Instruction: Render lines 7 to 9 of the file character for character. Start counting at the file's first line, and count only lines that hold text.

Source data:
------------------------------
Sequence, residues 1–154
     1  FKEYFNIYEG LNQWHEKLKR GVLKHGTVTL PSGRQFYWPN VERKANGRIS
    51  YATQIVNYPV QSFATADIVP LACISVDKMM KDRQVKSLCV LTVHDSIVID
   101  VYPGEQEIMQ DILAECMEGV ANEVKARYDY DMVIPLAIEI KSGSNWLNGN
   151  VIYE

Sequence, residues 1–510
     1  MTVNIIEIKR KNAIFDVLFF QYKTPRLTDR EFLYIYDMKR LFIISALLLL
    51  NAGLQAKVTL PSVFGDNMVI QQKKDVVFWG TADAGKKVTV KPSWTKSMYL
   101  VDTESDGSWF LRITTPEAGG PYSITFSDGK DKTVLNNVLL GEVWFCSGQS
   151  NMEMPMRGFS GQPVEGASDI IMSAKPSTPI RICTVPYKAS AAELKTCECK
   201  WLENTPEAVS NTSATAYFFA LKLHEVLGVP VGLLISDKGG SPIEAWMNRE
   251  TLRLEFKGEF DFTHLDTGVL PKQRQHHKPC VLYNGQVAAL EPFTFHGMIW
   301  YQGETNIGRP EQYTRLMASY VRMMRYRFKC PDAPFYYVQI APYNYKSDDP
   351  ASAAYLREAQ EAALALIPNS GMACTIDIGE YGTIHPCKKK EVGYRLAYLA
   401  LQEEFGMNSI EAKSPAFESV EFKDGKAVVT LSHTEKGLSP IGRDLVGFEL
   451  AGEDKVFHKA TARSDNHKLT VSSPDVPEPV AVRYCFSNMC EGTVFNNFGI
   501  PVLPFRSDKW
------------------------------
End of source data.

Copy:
     1  MTVNIIEIKR KNAIFDVLFF QYKTPRLTDR EFLYIYDMKR LFIISALLLL
    51  NAGLQAKVTL PSVFGDNMVI QQKKDVVFWG TADAGKKVTV KPSWTKSMYL
   101  VDTESDGSWF LRITTPEAGG PYSITFSDGK DKTVLNNVLL GEVWFCSGQS